Sure your form looks good, but does it recognize

By Chris Riley, ECMp, IOAp posted 08-31-2010 13:41


Here you are getting mad at your paper forms for such poor recognition, not knowing it's probably your fault.  It’s easy to design a fixed handprinted form that looks pretty, but takes a little more effort to make it recognize well with handprint (ICR) technology.

ICR will never be as accurate as OCR.  Handprint changes per person, mood, and even time of the day the text is created.  For this reason, it’s even more important to pay attention to the quality of the document prior to scan. The difference between a form designed for machine reading and one that is not, is usually a reduction of uncertain characters by 60%. Clearly, the best way to ensure successful hand printed fixed form recognition is a re-design.  Below is a quick list of elements to consider in your form design.

  1. Corner stones: Make sure your form has corner stones in each corner of the page.  Usually in the form of black squares. The corner stones should be at 90 degree angles to each neighbor one and the ideal type is black 5 mm squares.
  2. Form title: A clear title in 24 pt or higher print with no stylized font.
  3. Completion Guide: This is optional but sometimes is useful at the top of the form to print a guide on how best to fill in the fields of the type you use.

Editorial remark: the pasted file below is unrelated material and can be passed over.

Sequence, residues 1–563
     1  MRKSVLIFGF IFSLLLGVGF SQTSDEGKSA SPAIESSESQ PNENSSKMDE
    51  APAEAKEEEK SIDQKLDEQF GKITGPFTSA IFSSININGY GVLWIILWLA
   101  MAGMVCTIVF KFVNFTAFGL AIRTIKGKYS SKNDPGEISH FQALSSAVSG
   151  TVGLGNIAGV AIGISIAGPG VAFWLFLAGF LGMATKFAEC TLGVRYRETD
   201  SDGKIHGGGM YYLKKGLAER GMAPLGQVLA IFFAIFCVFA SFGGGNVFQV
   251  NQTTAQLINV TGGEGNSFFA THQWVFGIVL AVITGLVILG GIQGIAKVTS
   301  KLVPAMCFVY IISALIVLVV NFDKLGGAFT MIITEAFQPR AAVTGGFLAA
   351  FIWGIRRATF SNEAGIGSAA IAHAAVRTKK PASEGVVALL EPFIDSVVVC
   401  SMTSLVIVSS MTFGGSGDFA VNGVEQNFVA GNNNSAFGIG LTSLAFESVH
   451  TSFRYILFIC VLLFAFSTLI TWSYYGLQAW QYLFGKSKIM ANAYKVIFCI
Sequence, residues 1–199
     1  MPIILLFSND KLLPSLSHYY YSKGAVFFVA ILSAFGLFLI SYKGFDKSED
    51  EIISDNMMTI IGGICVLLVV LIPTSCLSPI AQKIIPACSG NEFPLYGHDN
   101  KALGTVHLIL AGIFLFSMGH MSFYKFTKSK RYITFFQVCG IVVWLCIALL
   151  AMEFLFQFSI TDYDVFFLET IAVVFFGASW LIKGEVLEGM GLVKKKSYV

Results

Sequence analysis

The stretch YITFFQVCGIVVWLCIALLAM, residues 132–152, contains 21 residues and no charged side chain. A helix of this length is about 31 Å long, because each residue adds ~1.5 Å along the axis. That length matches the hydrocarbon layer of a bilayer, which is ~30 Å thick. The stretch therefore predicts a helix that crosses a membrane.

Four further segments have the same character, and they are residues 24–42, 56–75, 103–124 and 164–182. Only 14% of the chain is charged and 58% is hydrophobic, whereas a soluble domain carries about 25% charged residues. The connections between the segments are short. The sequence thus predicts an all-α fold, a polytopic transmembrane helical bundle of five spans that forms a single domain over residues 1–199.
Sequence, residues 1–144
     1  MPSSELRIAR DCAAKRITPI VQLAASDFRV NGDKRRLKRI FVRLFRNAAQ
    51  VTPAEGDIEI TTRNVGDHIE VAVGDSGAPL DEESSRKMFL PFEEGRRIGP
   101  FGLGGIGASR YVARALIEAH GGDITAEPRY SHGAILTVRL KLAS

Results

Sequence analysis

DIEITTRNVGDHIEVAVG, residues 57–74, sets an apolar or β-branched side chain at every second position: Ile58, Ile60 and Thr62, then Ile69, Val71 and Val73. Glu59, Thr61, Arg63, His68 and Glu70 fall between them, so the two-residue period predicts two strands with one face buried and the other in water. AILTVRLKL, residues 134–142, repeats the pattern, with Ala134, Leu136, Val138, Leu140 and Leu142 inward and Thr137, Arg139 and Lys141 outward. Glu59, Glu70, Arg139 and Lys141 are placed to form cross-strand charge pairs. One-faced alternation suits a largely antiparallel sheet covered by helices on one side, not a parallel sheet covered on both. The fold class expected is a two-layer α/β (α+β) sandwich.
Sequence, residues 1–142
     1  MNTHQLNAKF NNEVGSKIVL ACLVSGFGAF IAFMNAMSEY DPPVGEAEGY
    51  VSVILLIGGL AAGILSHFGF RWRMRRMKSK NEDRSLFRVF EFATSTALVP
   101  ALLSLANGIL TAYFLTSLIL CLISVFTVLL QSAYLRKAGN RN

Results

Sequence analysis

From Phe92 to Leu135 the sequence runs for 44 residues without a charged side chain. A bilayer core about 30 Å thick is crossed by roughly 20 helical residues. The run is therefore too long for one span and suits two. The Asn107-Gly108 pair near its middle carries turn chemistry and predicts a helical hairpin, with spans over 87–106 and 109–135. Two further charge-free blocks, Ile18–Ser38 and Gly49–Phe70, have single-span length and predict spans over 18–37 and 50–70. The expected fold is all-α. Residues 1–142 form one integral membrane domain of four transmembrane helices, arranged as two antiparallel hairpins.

4. Mono-Spaced fields:  Each character block should be 4 mm x 5 mm in size and separated by 2 mm from its neighbor. The best types of fields to use are in order: letters separated by dotted frame, letters separated by drop-out color frame, letters separated by complete square frames.
  5. Segmented fields by data type: For certain fields it will be important to segment the field in portions to enhance ICR accuracy. The best example is a date field where instead of having one field for the complete data split it into 3 separate parts first being a month field, next a day field, and finally a year field. Same is often done for numbers, codes, and phone numbers.
  6. Element distance: Each element in the form should be separated from all other elements by 5 mm or more.
  7. Consistent fields: Make sure the form uses consistent field types listed in item 4 throughout the whole form.  Mixing types impacts completion of the form and during recognition reduces the value of pattern training.
  8. Form breaks: It is OK to break the form up into sections and separate those sections with solid lines. Too much separation can be detrimental, if done strategically it can be a large benefit for template matching.
  9. Placement of field label text: For the text that indicates what a field is “first name”, “last name”, it is best to put print it left justified to the left of the field at a distance of 5mm or more. DO NOT put the field descriptor in drop-out in the field itself.
  10. Barcode: Barcode form identifiers are useful in template matching and form identification. Use a unique id per form page and place the barcode at the bottom of the page at least 10 mm from any field.

#formdesign #ScanningandCapture #ICR